If you're a decent writer but you find yourself the recipient of several complimentary rejects, maybe it's not your writing, but the subject matter you choose to write about.  If you choose topics most people find boring, or topics so far outside the zeitgeist that no one can sympathize with the characters, then maybe you're heading in the wrong direction.  While it's true that a really excellent writer could make a book about a family of head lice a compelling read, maybe you don't have that level of genius.  You should probably learn to recognize your own limitations, and realize that your book about the secret life of dung beetles, while comprised of all the necessary components, probably isn't going to net you a book deal.  You need to think about who your readers would be and try to find a story you both can appreciate, rather than explore your own more esoteric interests.

Bad Luck

I feel for you unlucky folks.  I really do.  You've written a great book, but alas the the universe conspires against you.  You've got everything that agents and editors say they want, but for some reason your rejects are piling up.  Agents and editors are all very complimentary, but none of them want to take you on.  WTF?!  There's a real simple answer to this: market conditions.  You may have just missed the tail end of a trend, you may have written a book for a smaller market and the publishers rosters are already full, you may have written a book that's too close in style and content to other major books that were acquired ahead of yours.  It's not your fault.  You did your job, and you did it well, but no one wants to take the risk that your book won't sell.  My suggestion is to just shake it off.  You've got independent verification that you can write well, now you just need to do some more writing.  Don't try to chase trends, because that can put you in the same sort of trouble you are in already.  Just write the best book you can possibly write.  You may end up in the same place again because--let's face it--you're unlucky, but the only way to beat bad luck is by working extra hard to keep ahead of it.  If you write consistently better books eventually you'll catch your break, luck be damned.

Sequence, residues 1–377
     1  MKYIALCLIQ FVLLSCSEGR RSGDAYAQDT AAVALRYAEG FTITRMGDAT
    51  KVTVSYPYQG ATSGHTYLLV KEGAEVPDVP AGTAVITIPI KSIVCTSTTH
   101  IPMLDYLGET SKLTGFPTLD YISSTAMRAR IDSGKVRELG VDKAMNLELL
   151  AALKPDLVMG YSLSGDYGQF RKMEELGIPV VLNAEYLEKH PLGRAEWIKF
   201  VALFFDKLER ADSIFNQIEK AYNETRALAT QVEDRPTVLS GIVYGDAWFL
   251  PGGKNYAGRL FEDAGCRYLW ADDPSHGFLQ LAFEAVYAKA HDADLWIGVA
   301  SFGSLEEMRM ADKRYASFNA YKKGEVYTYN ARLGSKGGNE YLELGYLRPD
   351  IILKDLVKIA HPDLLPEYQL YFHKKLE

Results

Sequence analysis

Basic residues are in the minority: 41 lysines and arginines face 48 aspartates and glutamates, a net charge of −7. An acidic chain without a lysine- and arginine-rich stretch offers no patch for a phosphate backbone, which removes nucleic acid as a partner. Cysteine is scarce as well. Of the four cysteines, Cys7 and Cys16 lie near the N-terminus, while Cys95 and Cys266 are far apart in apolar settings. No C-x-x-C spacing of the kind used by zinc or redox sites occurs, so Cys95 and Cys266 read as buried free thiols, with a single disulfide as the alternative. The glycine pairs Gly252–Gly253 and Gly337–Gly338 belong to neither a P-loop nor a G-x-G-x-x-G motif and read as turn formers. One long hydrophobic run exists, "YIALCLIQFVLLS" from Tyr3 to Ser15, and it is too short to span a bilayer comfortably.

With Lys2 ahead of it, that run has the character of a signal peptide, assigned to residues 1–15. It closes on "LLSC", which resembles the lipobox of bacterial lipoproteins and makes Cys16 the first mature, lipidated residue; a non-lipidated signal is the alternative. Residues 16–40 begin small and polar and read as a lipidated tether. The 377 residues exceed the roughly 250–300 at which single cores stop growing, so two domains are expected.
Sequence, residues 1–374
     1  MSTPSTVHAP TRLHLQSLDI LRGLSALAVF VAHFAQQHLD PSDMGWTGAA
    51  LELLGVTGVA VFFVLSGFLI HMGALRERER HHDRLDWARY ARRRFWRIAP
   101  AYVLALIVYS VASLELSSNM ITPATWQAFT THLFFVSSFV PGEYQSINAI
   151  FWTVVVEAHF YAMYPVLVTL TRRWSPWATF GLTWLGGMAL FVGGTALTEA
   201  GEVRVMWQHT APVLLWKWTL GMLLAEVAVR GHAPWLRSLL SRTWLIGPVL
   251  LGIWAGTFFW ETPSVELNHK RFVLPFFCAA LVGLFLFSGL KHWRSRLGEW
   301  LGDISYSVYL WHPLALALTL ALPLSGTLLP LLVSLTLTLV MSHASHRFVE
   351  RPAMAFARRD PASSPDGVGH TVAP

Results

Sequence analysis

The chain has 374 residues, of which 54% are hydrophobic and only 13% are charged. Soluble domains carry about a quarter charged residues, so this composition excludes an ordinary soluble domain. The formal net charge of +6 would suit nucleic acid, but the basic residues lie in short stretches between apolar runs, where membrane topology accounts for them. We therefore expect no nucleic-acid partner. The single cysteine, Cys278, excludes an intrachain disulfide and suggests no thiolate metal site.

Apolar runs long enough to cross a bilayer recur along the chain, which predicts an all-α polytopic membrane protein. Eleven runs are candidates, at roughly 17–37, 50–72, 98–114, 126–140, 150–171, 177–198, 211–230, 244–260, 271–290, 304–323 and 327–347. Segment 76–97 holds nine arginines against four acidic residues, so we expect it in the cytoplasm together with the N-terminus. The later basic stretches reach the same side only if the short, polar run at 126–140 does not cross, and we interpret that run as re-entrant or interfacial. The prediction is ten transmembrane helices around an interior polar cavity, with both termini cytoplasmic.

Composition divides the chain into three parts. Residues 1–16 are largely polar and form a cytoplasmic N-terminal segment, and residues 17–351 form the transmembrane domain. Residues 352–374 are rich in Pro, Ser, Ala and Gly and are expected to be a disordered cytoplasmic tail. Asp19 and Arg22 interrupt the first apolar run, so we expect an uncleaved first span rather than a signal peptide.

1. Thank you for this! I've only just begun querying, but I'm already trying to address that cold fist in my gut that insists on knowing how I'll cope if I just don't cut it.

  2. Thanks for this post! Loved getting your view on things. And I love your advice to writers to keep writing. When I start querying one project, I automatically begin the next one. It gives me something to keep my mind off the query letters/my email inbox (LOL).